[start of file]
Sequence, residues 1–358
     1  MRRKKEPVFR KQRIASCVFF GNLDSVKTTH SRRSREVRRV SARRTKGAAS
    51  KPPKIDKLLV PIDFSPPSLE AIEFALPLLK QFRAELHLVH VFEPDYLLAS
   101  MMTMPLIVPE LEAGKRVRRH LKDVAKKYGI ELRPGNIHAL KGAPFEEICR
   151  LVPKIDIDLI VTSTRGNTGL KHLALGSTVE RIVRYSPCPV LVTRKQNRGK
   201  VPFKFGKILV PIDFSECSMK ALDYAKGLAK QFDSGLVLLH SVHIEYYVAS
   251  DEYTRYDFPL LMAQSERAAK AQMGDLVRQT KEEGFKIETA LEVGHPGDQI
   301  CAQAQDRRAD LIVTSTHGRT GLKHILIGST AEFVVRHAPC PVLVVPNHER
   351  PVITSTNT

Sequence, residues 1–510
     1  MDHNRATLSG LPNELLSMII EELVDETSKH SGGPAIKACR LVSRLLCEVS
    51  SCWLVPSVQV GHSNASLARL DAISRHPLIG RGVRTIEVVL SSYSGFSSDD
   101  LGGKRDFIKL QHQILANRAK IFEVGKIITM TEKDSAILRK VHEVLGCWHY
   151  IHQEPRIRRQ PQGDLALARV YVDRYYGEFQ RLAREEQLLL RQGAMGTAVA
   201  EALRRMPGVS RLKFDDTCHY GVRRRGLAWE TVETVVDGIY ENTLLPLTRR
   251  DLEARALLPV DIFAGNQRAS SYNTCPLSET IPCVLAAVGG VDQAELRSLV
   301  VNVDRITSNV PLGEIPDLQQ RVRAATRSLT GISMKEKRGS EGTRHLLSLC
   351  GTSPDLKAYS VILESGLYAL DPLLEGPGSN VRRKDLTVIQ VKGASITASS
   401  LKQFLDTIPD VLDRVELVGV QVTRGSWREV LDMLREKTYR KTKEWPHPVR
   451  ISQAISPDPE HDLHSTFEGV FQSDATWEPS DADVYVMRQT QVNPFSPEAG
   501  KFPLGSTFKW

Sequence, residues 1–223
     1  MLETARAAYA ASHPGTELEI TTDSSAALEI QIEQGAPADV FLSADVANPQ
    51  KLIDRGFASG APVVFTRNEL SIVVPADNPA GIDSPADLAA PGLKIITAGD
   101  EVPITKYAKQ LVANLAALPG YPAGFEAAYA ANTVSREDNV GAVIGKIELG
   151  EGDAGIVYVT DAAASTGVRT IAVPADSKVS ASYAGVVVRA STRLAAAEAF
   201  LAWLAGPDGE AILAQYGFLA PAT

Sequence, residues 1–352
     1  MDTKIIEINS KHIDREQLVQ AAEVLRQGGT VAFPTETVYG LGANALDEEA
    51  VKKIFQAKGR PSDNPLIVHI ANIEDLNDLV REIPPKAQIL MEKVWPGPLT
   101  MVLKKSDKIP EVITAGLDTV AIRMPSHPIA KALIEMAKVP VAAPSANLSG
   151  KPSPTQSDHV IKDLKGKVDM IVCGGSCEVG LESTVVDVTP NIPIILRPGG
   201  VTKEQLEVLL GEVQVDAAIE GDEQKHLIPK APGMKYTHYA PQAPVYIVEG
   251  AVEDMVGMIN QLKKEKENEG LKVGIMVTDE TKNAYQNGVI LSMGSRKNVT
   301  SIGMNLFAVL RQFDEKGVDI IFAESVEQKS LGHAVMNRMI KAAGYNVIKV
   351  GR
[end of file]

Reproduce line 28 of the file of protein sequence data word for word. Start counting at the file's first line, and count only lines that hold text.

Sequence, residues 1–352